Let {\delta}_{1}=\delta ({\alpha}_{l}z,{\theta}_{0}), {\delta}_{2}=max\{\delta ({\alpha}_{j}z,{\theta}_{0}):j=0,1,\dots ,l,j\ne l\}, then {\delta}_{1}>{\delta}_{2}. We discuss the following two cases.
Case 1. {\delta}_{2}>0. We rewrite (1.4) in the form
{a}_{l}(z)=\sum _{j=0}^{n}{a}_{j}(z)\frac{f(z+j)}{f(z+l)}\phantom{\rule{1em}{0ex}}(j\ne l).
(3.24)
By (3.21), (3.22) and (3.24), we get for z=r{e}^{i{\theta}_{0}} and sufficiently large r\notin [0,1]\cup E,
\begin{array}{rcl}exp\{(1\u03f5){\delta}_{1}r\}& \le & \left{a}_{l}\left(r{e}^{i{\theta}_{0}}\right)\right\le \sum _{j=0,j\ne l}^{n}exp\{(1+\u03f5)\delta ({\alpha}_{j}z,\theta )r\}exp\left\{{r}^{\rho (f)1+\u03f5}\right\}\\ \le & nexp\{(1+\u03f5){\delta}_{2}r\}exp\left\{{r}^{\rho (f)1+\u03f5}\right\}.\end{array}
(3.25)
When 0<2\u03f5<min\{\frac{{\delta}_{1}{\delta}_{2}}{{\delta}_{1}+{\delta}_{2}},2\rho (f)\}, by (3.25), we get
exp\left\{\frac{{\delta}_{1}{\delta}_{2}}{2}r\right\}\le nexp\left\{{r}^{\rho (f)1+\u03f5}\right\}.
This is impossible.
Case 2. {\delta}_{2}<0. By (3.21), (3.23) and (3.24), we get for z=r{e}^{i{\theta}_{0}} and sufficiently large r\notin [0,1]\cup E,
\begin{array}{rcl}exp\{(1\u03f5){\delta}_{1}r\}& \le & \left{a}_{l}\left(r{e}^{i{\theta}_{0}}\right)\right\le \sum _{j=0,j\ne l}^{n}exp\{(1\u03f5)\delta ({\alpha}_{j}z,\theta )r\}exp\left\{{r}^{\rho (f)1+\u03f5}\right\}\\ \le & nexp\left\{{r}^{\rho (f)1+\u03f5}\right\}.\end{array}
This is a contradiction. Hence we get \rho (f)\ge 2.
3.5 The proof of Theorem 1.6
Considering {a}_{j}(z)={A}_{j}(z){e}^{{\alpha}_{j}z}+{D}_{j}(z) (j=0,1,\dots ,n), {A}_{j}(z) (≢0), {D}_{j}(z) (≢0) are meromorphic functions and \rho ({A}_{j})=\alpha <1, \rho ({D}_{j})=\beta <1, by Lemmas 2.2 and 2.5, we know that for any given \u03f5>0, there exists a subset E\subset (1,\mathrm{\infty}) of finite logarithmic measure such that, for all z satisfying z=r\notin [0,1]\cup E, and as r\to \mathrm{\infty}, we have

(i)
if \delta ({\alpha}_{j}z,\theta )>0, then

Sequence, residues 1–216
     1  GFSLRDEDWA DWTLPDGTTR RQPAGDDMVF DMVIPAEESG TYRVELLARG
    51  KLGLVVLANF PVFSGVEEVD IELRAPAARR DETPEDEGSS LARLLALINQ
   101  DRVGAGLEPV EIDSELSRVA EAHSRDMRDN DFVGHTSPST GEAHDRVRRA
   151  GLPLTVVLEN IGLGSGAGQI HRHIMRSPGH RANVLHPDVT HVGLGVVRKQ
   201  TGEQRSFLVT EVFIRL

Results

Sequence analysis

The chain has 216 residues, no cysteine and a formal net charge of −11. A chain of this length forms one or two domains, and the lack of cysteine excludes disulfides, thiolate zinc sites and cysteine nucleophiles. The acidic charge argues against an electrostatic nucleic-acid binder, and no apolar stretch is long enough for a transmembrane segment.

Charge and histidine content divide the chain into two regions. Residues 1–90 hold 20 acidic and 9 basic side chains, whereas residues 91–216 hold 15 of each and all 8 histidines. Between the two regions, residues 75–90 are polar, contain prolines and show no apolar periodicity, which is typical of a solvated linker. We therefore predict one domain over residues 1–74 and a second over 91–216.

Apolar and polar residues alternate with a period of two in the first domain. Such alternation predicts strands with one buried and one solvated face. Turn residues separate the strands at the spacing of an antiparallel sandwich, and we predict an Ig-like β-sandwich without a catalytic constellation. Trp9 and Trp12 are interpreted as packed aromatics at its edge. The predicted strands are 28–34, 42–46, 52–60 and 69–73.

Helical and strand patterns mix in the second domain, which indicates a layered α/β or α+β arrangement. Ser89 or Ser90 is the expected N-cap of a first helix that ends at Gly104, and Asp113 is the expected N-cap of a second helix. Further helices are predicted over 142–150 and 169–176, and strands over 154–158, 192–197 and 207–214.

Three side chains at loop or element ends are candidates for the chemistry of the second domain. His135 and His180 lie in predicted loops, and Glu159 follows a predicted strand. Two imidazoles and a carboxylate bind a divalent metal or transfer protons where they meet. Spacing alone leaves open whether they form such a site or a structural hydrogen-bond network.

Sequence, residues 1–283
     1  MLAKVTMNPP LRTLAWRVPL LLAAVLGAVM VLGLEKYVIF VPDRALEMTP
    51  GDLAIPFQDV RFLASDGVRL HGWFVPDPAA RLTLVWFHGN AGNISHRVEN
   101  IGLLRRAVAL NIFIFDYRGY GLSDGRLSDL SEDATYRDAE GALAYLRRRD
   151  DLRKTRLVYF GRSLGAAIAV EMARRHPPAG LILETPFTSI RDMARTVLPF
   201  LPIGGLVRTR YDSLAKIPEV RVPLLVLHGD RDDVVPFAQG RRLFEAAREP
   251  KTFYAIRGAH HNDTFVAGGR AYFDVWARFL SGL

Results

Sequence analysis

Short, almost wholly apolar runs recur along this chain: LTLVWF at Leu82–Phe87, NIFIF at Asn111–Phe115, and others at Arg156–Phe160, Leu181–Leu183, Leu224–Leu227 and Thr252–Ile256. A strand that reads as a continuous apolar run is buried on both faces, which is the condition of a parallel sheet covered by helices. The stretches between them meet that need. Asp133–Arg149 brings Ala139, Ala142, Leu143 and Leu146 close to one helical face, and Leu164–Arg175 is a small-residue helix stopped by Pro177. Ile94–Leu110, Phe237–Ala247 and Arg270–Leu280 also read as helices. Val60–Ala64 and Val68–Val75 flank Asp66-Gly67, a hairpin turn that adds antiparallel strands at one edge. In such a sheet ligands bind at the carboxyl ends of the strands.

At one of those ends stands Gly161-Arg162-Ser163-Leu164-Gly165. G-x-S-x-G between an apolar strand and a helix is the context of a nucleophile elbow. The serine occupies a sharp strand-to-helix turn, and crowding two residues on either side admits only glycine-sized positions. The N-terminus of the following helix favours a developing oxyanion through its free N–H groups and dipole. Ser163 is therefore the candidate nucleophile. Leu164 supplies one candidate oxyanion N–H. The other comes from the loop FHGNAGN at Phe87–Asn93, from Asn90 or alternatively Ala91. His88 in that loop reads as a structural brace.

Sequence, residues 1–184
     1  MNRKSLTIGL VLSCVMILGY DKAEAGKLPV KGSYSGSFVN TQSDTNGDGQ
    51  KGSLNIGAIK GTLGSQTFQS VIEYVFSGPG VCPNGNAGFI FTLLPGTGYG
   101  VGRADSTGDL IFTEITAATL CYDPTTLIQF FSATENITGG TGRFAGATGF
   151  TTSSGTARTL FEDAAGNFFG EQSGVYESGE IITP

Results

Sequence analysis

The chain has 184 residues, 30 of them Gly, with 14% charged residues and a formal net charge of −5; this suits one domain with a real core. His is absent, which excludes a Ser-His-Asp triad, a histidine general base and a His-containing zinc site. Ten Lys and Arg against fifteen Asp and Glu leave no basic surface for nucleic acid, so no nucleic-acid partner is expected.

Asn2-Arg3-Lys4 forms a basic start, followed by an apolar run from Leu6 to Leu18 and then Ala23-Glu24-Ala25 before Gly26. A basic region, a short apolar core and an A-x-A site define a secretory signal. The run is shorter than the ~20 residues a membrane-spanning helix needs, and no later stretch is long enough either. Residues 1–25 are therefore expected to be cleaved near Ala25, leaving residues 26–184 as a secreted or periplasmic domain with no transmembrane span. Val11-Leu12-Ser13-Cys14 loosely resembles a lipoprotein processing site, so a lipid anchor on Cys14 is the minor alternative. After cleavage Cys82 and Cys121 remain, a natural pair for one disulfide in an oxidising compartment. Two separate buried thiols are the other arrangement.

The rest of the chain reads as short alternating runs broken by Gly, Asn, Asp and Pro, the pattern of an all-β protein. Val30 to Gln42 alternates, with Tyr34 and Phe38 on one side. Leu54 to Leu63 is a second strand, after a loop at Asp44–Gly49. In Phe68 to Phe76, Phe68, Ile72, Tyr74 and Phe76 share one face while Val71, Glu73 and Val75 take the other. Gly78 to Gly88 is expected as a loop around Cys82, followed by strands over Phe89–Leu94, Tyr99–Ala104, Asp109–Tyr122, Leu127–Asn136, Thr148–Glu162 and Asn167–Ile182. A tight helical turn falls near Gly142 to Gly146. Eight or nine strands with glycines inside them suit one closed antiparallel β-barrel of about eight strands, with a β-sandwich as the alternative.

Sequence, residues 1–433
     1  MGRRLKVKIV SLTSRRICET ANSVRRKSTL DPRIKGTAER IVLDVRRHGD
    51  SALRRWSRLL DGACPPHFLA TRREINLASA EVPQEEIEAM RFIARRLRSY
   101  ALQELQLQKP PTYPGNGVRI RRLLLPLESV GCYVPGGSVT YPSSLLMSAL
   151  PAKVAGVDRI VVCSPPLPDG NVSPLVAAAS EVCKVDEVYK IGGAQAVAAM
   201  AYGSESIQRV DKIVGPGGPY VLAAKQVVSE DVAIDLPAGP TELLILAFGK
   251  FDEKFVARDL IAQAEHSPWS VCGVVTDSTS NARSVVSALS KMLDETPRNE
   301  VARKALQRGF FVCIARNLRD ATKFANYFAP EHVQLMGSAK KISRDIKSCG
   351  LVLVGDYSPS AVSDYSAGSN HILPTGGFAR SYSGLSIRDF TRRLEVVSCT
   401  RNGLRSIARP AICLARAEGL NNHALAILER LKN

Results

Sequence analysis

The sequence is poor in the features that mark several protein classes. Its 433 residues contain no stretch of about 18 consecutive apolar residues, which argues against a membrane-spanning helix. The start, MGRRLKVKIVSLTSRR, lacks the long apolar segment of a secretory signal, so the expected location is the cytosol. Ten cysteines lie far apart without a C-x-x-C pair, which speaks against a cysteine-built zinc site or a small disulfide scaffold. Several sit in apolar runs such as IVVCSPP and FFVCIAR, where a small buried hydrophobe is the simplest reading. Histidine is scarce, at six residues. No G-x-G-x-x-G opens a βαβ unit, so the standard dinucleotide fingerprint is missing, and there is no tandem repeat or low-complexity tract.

\begin{array}{r}exp\{(1\u03f5)\delta ({\alpha}_{j}z,\theta )r\}exp\left\{{r}^{\beta +\u03f5}\right\}\\ \phantom{\rule{1em}{0ex}}<\left{a}_{j}\left(r{e}^{i\theta}\right)\right<exp\{(1+\u03f5)\delta ({\alpha}_{j}z,\theta )r\}+exp\left\{{r}^{\beta +\u03f5}\right\}\\ \phantom{\rule{1em}{0ex}}<(1+o(1))exp\{(1+\u03f5)\delta ({\alpha}_{j}z,\theta )r\};\end{array}
(3.26)

(ii)
if \delta ({\alpha}_{j}z,\theta )<0, then
\left{a}_{j}\left(r{e}^{i\theta}\right)\right<exp\{(1\u03f5)\delta ({\alpha}_{j}z,\theta )r\}+exp\left\{{r}^{\beta +\u03f5}\right\}<(1+o(1))exp\left\{{r}^{\beta +\u03f5}\right\}.
(3.27)
Then, using a similar argument to that of Theorem 1.5 and Theorem 1.1 and only replacing (3.22) (or (3.23)) by (3.26) (or (3.27)), we can prove Theorem 1.6.
3.6 The proof of Theorem 1.7
Let f(z)\not\equiv 0 be a meromorphic solution of (1.5). Suppose that \rho (f)<1, then by Lemma 2.7, we obtain \rho (F)=\rho ({\sum}_{j=0}^{k}{a}_{j}(z)f(z+j))=1. This contradicts \rho (F)<1, therefore we have \rho (f)\ge 1.
Suppose that there exist two distinct meromorphic solutions {f}_{1}\not\equiv 0, {f}_{2}\not\equiv 0 of Eq. (1.5) such that max\{\rho ({f}_{1}),\rho ({f}_{2})\}<2, then {f}_{1}{f}_{2} is a meromorphic solution of the homogeneous linear difference equation corresponding to (1.5) and \rho ({f}_{1}{f}_{2})<2. By Theorem 1.5 or Theorem 1.6, we get a contradiction. So Eq. (1.5) has at most one meromorphic solution {f}_{0} satisfying 1\le \rho ({f}_{0})\le 2.
Next we prove max\{\lambda ({f}_{0}),\lambda (\frac{1}{{f}_{0}})\}=\rho ({f}_{0}) in the case \rho ({f}_{0})=1. Suppose that max\{\lambda ({f}_{0}),\lambda (\frac{1}{{f}_{0}})\}<\rho ({f}_{0}), then by the Weierstrass factorization, we obtain
{f}_{0}(z)=\frac{{P}_{1}(z)}{{P}_{2}(z)}{e}^{Q(z)},
(3.28)
where {P}_{1}(z), {P}_{1}(z) are entire functions such that \rho ({P}_{1})=\lambda ({P}_{1})=\lambda ({f}_{0}), \rho ({P}_{2})=\lambda ({P}_{2})=\lambda (\frac{1}{{f}_{0}}) and Q(z) is a polynomial of degree 1.
In the case {a}_{j}(z)={A}_{j}(z){e}^{{\alpha}_{j}z}. Substituting (3.28) into (1.5), we get
\sum _{j=0}^{n}{A}_{j}(z)\frac{{P}_{1}(z+j)}{{P}_{2}(z+j)}{e}^{{\alpha}_{j}z+Q(z+j)}=F(z).
(3.29)
Since {\alpha}_{j} are distinct complex numbers, by Lemma 2.7, we obtain that the order of the lefthand side of (3.29) is 1. This contradicts \rho (F)<1.
For {a}_{j}(z)={A}_{j}(z){e}^{{\alpha}_{j}z}+{D}_{j}(z), by using an argument similar to the above, we also obtain a contradiction.
It is obvious that max\{\lambda ({f}_{0}),\lambda (\frac{1}{{f}_{0}})\}=\rho ({f}_{0}) provided that 1<\rho ({f}_{0})<2. Therefore we have max\{\lambda ({f}_{0}),\lambda (\frac{1}{{f}_{0}})\}=\rho ({f}_{0}).